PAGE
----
Bennett (2007) identifies the following economies arising out of global consolidation of exchange s:

Increase in the skills relating to data processing and communications
There can be sharing of technologies
Post-trading data saving and retrieving process knowledge can be acquired and
There will potential customer savings.
Global consolidation of exchanges results in distinct advantages to the following constituents of the stock market. The advantages result both directly and indirectly to these constituents

Exchanges involved in the merger
Investors in general
Stock brokers and other intermediary agencies
Business corporations
Economies of the nations involved

7.1 On Exchanges:

For the exchanges involved in the consolidation it is global trading and enhancement in revenues through increased activities. The global consolidation slowly will lead to standardization of the markets world over and this drives a health competition among the various exchanges. In the case of regional exchanges the consolidation increases the opportunities of the exchanges becoming allies in the light of competition from larger global players. Similarly partnering with other exchanges enable the smaller exchanges an increased presence in the other geographical regions and hence they will be able to acquire and sustain a market position in the other geographical regions of the world. The consolidation also reduces the development and operational cost of information and communication technology measures the exchanges have to take to keep them up to date. This may be possible by sharing of the total costs by the participating exchanges. The measure of the consolidation is a cleat way of creating a critical mass of liquidity with a view to attract the investors and intermediaries from various international locations. (Thedeen E, 2007) In addition the exchanges also enjoy considerable saving in the information and technology cost. (Mandate)

7.2 On Investors:

With the potential for good savings and investments the investors are seriously looking for new avenues of investing their resources to earn maximum returns with minimum risks. The idea of consolidation of exchange provides an opportunity for the investors to deploy their resources in the best available stocks irrespective of the geographical location where the investor domiciles. This gives the investor a wider choice of securities with a possibility of greater returns. The investor may find the stocks of some companies with global presence are really attractive to invest. Previously unless he resides in the region where the shares are listed he would not be able to make the investments in the shares of those companies. The investors can also enhance the medium of their investments by investing in derivatives, options, bonds and commodities in addition to the equities. This way the investors are able to increase the value of their investments. With the global consolidation of the exchanges now the investors are placed in a comfortable position to invest globally. Moreover the market knowledge of the investors is bound to encompass the movements of stocks being traded in different exchanges.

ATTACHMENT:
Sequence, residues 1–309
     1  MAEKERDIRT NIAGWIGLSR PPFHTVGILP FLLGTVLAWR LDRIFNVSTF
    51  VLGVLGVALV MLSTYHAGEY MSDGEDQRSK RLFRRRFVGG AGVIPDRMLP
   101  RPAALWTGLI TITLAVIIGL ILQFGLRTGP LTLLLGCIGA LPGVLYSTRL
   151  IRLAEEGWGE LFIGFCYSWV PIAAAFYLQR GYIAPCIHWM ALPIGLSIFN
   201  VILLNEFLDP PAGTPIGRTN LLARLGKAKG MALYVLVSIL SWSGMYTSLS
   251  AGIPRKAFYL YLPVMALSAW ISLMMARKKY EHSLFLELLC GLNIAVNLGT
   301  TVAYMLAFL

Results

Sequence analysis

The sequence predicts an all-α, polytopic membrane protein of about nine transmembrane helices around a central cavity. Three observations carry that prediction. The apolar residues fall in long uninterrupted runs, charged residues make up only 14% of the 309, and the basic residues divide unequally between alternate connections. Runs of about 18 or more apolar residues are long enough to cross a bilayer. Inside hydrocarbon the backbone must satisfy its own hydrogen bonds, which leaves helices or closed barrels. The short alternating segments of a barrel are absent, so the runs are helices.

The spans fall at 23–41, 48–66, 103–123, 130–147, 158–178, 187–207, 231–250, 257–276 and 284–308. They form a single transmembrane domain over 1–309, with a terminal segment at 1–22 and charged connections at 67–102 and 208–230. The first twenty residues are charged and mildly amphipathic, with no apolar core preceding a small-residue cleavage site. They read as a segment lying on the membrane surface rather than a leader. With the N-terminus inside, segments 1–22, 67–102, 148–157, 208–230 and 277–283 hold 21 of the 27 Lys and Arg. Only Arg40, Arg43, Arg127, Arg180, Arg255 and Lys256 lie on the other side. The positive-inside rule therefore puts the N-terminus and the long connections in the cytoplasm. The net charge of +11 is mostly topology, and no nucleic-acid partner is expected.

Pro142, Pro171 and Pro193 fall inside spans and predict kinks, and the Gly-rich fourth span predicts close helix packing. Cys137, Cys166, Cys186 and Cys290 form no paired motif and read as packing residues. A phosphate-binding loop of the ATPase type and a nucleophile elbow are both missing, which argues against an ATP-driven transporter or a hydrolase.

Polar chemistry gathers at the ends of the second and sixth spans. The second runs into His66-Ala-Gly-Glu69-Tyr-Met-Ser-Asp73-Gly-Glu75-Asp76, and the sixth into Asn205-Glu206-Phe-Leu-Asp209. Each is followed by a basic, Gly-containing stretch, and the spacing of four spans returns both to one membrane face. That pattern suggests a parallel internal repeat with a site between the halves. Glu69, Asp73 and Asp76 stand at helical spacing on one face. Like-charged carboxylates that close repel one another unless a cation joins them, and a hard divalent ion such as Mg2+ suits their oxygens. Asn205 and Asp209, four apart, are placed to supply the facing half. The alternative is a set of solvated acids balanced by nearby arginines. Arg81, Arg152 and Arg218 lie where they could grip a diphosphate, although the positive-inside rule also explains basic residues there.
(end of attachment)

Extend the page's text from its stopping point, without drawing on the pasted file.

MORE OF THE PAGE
7.3 On Stock Brokers and Other Intermediary Agencies:

Perhaps this constituent of the stock exchange Industry may derive the most advantages out of the consolidation of exchanges. With increased presence in the global locations the stock brokers and other intermediaries would be able to enhance the number of customers they serve and in turn there will be considerable increase in their revenues due to the increased volume of trading. There is also bound to be a tremendous improvement in the knowledge base of these intermediaries as they may have to keep abreast of all latest procedures and systems of different exchanges all over the world as the consolidation unites the exchanges subjected to different regulatory measures of different countries. With the increased market knowledge of different exchanges the stock brokers are better placed to give quality and reliable advise to the investors and clients to plan their investments properly and profitably.

7.4 On Business Corporations: